Cancer Claims Dorothy Edwards: Passionate Housing Advocate Who Moved from Homelessness And Addiction To N.Y. Corporate Boardroom

Dorothy Edwards with her beloved dog, Gunter.

(11-2-23) We’ve lost a wonderful housing and mental health care advocate.

I served with Dorothy Edwards on the board of the Corporation for Supportive Housing (CHS). She died last month from rapid, advanced cancer at age 65.

For eight years, she and her dog, Gunter, lived under a freeway overpass in Greater Los Angles. She was heavily addicted to drugs and couldn’t find a way to get off the streets. She later told Bill Pitkin, of  the Conrad N. Hilton Foundation: “I craved a place of my own. I watched people who, day after day, helped me out and handed me money. I thought, I know they’re leaving and they’re going home. I was hurting and needed a home too.” Read article here.

What changed her life was “supportive housing” with “wrap around services.” Getting an apartment enabled her to focus on beating her addictions which she did, with help. It also gave her hope.  When Dorothy agreed to serve on the board of the CHS, I was tremendously proud of her and CHS. Mental health organizations routinely hire and appoint individuals with lived experiences to their boards, but not many large, New York City-based, multi-million non-profits recognize the value of having someone such as Dorothy as a board member. This is unfortunate.

“Dorothy’s insight, forged through her personal journey, has been invaluable in shaping the path of our workout CHS and the minds of many elected officials,” Deborah DeSantis, president and CEO of CHS, wrote in an email. “Dorothy reminded us that every individual is a reservoir of untapped potential, and with opportunity and support, they too, can overcome the most daunting obstacles. We remember …her unwavering belief in the power of recovery and second chances.”

Life On The Streets

In 2010, Dorothy was identified by Pasadena officials as someone “likely to die” if she didn’t obtain housing. She was “sleeping in alleys, scouring dumpsters for scraps of food and smoking meth to fend off a crushing depression,” USA Today reported in a 2014 profile about her. She was diagnosed with severe depression and Post Traumatic Stress Disorder.

She was approached by Housing Works, an agency that uses “supportive housing”  to get people off the streets. Supportive housing provides apartments and wraparound services to help chronically homeless individuals. This approach is effective but not as widely practiced as it should be. Many government programs require an individual to be clean and sober before providing housing, rather than recognizing the need to get an individual into a stable and safe environment. Other housing programs provide vouchers, but no supportive services that help individuals beat their addictions, deal with their mental issues, obtain medical care and help them find friends, work, and other quality of life services.

The Corporation for Supportive Housing is a national leader in creating supportive housing programs.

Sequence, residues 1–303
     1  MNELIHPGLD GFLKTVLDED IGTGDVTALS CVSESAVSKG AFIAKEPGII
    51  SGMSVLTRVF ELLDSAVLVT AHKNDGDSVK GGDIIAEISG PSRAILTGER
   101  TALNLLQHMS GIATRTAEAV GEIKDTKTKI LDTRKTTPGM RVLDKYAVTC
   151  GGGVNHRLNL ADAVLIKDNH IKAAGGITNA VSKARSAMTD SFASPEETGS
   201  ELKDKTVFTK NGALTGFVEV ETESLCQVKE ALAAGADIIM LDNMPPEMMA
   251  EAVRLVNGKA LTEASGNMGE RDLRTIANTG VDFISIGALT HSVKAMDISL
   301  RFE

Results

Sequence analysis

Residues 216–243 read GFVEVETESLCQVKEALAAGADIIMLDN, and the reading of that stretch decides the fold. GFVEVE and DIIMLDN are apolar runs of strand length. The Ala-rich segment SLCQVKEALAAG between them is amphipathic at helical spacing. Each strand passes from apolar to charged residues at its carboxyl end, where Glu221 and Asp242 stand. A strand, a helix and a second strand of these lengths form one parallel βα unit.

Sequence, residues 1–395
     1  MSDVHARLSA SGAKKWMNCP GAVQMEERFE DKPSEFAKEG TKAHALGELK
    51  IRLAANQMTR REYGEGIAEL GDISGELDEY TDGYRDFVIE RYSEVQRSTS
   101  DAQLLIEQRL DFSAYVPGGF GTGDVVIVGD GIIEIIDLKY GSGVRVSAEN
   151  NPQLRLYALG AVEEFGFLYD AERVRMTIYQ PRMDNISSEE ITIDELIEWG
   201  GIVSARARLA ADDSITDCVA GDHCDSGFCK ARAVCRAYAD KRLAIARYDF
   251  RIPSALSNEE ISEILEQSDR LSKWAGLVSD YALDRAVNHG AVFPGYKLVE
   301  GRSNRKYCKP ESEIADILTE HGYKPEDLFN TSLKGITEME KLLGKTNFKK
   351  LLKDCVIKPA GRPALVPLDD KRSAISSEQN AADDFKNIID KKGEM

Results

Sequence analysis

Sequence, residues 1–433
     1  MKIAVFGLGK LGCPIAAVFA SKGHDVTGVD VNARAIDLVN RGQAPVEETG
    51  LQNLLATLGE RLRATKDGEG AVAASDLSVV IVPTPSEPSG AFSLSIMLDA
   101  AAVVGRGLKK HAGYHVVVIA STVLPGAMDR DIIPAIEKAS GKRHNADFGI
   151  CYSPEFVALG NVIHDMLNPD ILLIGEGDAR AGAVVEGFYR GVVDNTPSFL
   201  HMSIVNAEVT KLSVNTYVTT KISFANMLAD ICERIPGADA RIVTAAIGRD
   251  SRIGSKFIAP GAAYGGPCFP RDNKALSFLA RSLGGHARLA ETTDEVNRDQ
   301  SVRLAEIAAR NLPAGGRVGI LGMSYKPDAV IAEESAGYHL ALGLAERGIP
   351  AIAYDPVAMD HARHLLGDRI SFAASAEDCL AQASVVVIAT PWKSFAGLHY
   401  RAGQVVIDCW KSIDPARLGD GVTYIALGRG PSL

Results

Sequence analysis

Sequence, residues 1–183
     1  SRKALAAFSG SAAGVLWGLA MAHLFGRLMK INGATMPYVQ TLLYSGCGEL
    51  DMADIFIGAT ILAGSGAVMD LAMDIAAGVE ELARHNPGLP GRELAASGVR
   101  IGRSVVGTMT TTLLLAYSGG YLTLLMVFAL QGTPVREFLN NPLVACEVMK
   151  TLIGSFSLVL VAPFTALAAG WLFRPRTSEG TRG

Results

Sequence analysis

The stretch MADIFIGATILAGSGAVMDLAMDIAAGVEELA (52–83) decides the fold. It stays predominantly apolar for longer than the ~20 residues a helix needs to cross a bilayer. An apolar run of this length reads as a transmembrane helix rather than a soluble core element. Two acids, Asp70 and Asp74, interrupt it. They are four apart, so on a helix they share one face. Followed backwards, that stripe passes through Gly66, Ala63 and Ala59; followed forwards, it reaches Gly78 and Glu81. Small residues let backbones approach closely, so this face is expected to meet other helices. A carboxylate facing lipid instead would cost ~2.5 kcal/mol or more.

Dorothy later admitted that she had been reluctant – afraid –  to accept help from Housing Works. Like so many who are homeless, she had run through programs that didn’t work. “Dorothy Edwards was quickly permanently housed in Pasadena (by Housing Works),” the local Pasadena Now news site reported in an obituary. “She got clean and sober, got teeth, got a job, became an advocate and remained in her same unit for about 10 years until she died.”

I quickly realized that Dorothy was a passionate speaker, sharing her story on a local, state, and federal stage, seeking policy change to better address homelessness. Her efforts led to her being named a Congressional Woman of the Year by California Representative Judy Chu, 27th Congressional District and a headliner in CHS’s “Speak Up” advocacy training program which helps formerly homeless individuals use their personal stories to advocate for themselves and others.

One of my fondest memories of Dorothy happened when we were attending a CHS board meeting in Manhattan. After a board dinner, several of us were returning to the hotel when she suddenly broke away from the group, ducking into a dark business doorway where a homeless man was huddle under blankets. She asked if he was okay, completely unafraid of how he might react. She spent several moments talking to him, as only someone who had walked in that person’s shoes, could do. When she rejoined us later that night, I asked her what advice she had offered. She explained that it wasn’t her advice that mattered, it was that she had spoken to him, recognizing his worth as a person.

Mental Health Advocate and Miami Dade Judge Steven Leifman, who served with Dorothy on the CSH board, wrote in an email:

“I spoke with Dorothy before she went into the hospital with the hopes of finding the right words to offer her hope and best wishes. Of course, Dorothy spent most of our call trying to make me feel better. As only Dorothy could.  The call also reminded me of how unequal and inequitable access to healthcare is in this country. Tragically, Dorothy struggled to get appointments with the appropriate health care providers she needed to see.”

He added, “She was the best teacher I ever had; kind, genuine, thoughtful, and insightful. She made me a better person and a better judge. She never gave up on anyone.”

I will miss Dorothy and her beaming, optimistic view of life.

Perhaps CEO DeSantis put it best: “Dorothy’s legacy is a reminder that every life is worth saving, every story is worth hearing, and every person is capable of achieving greatness.”


About the author:

Pete Earley is the bestselling author of such books as The Hot House and Crazy. When he is not spending time with his family, he tours the globe advocating for mental health reform.

Learn more about Pete.